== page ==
By chemically attaching a difficult-to-process solid-state fluorescent material to a universal polymer backbone, researchers at the Georgia Institute of Technology have built what may be a foundation for a new generation of optoelectronic display devices based on inexpensive organic light-emitting diodes (OLEDs).
Until now, the aluminum tris (8-hydroxyquinoline) (Alq3) material – which is used as the emission and electron transport layer in organic light-emitting diodes – had to be deposited under high vacuum conditions, which requires costly equipment. Attaching it to a polymer backbone allows the material to be applied using solution processes – simple spin-coating methods already widely used for applying thin films of materials.
Beyond the implications for less costly and more flexible flat panel displays and similar devices, the new technique demonstrates that small molecules with interesting properties can be self-assembled onto standard polymer backbones. Using this "Lego-like" approach could have applications to other materials that are easier to process in polymeric form.
"This could have a significant impact for industry because it would make the manufacture of organic light-emitting diodes much easier," said Marcus Weck, an assistant professor in Georgia Tech's School of Chemistry and Biochemistry. "You can do this on a lab bench without million-dollar equipment. Being able to spin coat these organic systems could allow production of large surfaces suitable for displays." The work will be presented March 27th at the 225th American Chemical Society National Meeting in New Orleans, LA. Sponsored by the National Science Foundation and the Office of Naval Research, the research has also been published in the journal Macromolecules. Because they are based on polymers, organic light-emitting diodes produced with the new technique could offer another significant advantage – physical flexibility. That would allow production of displays that are less prone to damage and that can operate in shapes and forms not possible with current technology.
Using the polymer poly(norbornene) as a backbone, Weck and graduate student Amy Meyers designed a functional monomer containing Alq3, also known as aluminum tris (8-hydroxyquinoline). The Alq3 was covalently bonded to the poly(norbornene) backbone, which was selected because it can be polymerized by ring-opening metathesis, a method that tolerates many functional groups.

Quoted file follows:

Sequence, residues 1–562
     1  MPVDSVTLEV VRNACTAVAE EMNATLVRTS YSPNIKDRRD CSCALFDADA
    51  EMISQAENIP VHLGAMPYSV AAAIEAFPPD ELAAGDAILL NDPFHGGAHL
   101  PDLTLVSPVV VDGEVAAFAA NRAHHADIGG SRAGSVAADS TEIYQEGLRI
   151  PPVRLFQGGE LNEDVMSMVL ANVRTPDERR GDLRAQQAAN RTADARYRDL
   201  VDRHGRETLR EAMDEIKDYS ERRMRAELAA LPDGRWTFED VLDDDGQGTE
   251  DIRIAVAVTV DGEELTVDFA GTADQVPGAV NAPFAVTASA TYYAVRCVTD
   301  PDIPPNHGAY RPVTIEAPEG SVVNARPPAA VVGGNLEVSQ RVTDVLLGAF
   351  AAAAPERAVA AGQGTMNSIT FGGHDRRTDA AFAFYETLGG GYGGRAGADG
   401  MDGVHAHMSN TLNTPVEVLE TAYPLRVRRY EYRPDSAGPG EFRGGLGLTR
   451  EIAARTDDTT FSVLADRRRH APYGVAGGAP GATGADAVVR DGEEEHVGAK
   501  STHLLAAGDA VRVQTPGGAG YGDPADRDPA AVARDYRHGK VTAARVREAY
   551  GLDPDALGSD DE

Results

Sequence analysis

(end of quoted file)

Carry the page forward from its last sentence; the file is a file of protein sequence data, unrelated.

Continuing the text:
Though the prototype material shows great potential, Weck cautions that much work remains to be done before the new material finds its way into laptop computers and other display systems.
"From a scientific standpoint, this is a milestone, but there is a lot of optimization and evaluation that must be done," he said. "We've shown that we can change the polymer backbone and that we can change the connection of our Alq3 to the polymer."
Though the pure polymer has limited solubility, the researchers hope to improve that as part of an on-going optimization process. The optical properties of the new material appear equivalent to the conventionally-produced material, but the details are still under study. Weck believes the trade-offs between easier processing and optical performance will ultimately be positive.
As part of optimizing the chemistry, Weck and Meyers are adjusting the chemistry to provide emissions of different colors that would be necessary if the material is to be used in flat-panel displays. The material's yellow-green luminescence can be shifted with chemical additions or introduction of optically inactive spacer molecules.
"We want to produce a polymer system that would provide whatever color was needed," Weck said. "The goal would be to create a 'Lego-like' system in which you put different components together to get the output you need. We would provide a polymer backbone with an aluminum center, and then add more units to shift the wavelength."
The Georgia Tech researchers are working with scientists at the University of Arizona to assess how well the new material would work in OLEDs. If long-term testing shows the new polymer has the desired stability and other properties, it could help open up new applications for OLEDs.
"One of the issues that has held back the market is this vacuum deposition requirement," said Weck. "Most polymeric LEDs are difficult to make and optimize. Our system would be straightforward and could be very interesting to industry." Earlier efforts to improve the processing properties of Alq3 have involved mixing it with or doping it into a polymer. Neither of those strategies has worked well.
The Alq3 system is the first demonstration of a technique Weck hopes will allow his research group to build many new types of polymers using modular scaffolds programmed to attract building blocks of small molecules. Weak and easily reversed chemical interactions would self-assemble those molecules to form complex structures with predictable physical and chemical properties.
In the natural world, self-assembly techniques produce thousands of varied life forms -- bacteria to human beings -- based on a relatively small set of amino acids and nucleosides combined in different ways. By emulating this natural system, he hopes to simplify the synthesis of new materials for light-emitting diodes, optical storage materials, biosensors, drug-delivery materials and other applications.
"The goal is to simplify the synthesis of designer polymers via self-assembly using combinatorial chemistry," Weck explained. "Our group is taking design lessons from Nature by incorporating into one system several of these weak interactions to get a degree of complexity that is difficult to achieve otherwise. We believe we now have the basic proof of principle to show that we will be able to address this problem."
Materials provided by Georgia Institute Of Technology. Note: Content may be edited for style and length.
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